Chicago: The Basics

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Tip: Check out this sample paper to find out what an essay in the Chicago Style looks like.

The examples found in this section are based on the style guide The Chicago Manual of Style, 17th ed., 2017.

General formatting

The Chicago citation style primarily uses notes. There are two types: footnotes and endnotes. They share the same formatting. Here at Champlain, we mostly use footnotes.

  • The text in the paper will have a superscript number at the end of the cited material (like this: ¹).
  • This number refers to a note with the corresponding number found either at the bottom of the page (in the case of footnotes) or at the end of the paper (endnotes).
  • Indent the first line of the footnote. Leave a blank line between entries.

Tip: Inserting footnotes in a Microsoft Word document is easy: follow these instructions to find out how.

A bibliography may be required and comes at the end of the document. The bibliography regroups in one place all the sources that were cited throughout the paper, with different formatting.

  • The entries are in alphabetical order by author (or by title if there is no author).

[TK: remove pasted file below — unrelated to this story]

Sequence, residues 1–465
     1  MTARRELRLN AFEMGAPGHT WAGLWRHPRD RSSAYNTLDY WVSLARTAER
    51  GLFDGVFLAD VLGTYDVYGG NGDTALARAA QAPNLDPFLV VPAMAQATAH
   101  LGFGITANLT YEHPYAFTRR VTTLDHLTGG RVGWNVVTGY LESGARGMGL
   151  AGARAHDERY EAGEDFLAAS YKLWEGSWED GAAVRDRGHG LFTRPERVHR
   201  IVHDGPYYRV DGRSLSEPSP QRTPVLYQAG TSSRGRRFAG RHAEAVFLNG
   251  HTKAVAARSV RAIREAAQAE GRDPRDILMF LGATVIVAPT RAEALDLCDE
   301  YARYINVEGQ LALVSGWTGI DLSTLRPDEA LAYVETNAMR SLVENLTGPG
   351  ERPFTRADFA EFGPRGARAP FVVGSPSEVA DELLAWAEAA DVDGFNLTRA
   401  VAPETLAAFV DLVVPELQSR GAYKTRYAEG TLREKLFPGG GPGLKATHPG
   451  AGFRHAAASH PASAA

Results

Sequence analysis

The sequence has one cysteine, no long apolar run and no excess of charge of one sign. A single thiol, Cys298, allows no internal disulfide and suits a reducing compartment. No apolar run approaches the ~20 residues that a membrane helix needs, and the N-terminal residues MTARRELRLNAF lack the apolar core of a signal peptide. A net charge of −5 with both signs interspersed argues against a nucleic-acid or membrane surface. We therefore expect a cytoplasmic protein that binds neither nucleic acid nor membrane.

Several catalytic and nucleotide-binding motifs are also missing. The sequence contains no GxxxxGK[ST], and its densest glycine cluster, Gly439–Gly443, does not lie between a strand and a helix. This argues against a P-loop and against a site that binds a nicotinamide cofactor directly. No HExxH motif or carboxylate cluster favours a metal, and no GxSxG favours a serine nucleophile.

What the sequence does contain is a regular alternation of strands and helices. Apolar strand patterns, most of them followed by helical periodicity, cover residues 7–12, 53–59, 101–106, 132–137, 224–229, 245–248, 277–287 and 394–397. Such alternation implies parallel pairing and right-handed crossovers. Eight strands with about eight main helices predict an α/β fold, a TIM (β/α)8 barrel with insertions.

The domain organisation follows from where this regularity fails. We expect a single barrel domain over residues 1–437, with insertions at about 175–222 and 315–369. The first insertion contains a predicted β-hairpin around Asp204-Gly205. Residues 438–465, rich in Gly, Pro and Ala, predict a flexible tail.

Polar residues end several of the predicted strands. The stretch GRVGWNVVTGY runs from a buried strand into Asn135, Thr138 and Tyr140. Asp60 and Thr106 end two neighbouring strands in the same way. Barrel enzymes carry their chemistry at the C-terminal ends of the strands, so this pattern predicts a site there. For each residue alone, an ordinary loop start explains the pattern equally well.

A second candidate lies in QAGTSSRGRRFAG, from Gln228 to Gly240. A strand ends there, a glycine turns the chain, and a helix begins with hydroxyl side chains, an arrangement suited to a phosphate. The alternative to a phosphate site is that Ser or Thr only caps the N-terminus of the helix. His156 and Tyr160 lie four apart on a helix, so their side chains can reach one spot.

• If your bibliography entry is longer than one line, indent the second and subsequent lines. Leave a blank line between entries.



Anthropological research has provided “ecologically insightful accounts of native views of the natural world.”¹³


13. Peter Knudson and David Suzuki, Wisdom of the Elders (Toronto: Stoddart, 1992), 23.


Knudson, Peter and David Suzuki. Wisdom of the Elders. Toronto: Stoddart, 1992.

Two or more notes from the same source

  • Use the short form of a note when citing a work that you’ve already cited once. The short form only contains the author’s last name, the abbreviated title and page number.
  • When citing a work you’ve already cited several times in a row, only include the title in the short form citation the first time (see notes 4 and 5 below).
  • Always keep the title when your paper includes footnotes referring to multiple works by the same author (see notes 6 and 7 below).
  • Note 6 and 7 are the short form of the source cited in note 1. Note 5 is the short form for the source cited in note 2.


1. Howard C. Anawalt, Idea Rights: A Guide to Intellectual Property (Durham, NC: Carolina Academic Press, 2011), 103.

2. Peter Knudson and David Suzuki, Wisdom of the Elders (Toronto: Stoddart, 1992), 75-6.

3. Howard C. Anawalt, “The Habit of Success,” Nova Law Review 10, no. 3 (1986): 2.

4. Knudson and Suzuki, Wisdom of the Elders, 23.

5. Knudson and Suzuki, 36-40.

6. Anawalt, Idea Rights, 65.

7. Anawalt, Idea Rights, 66-67.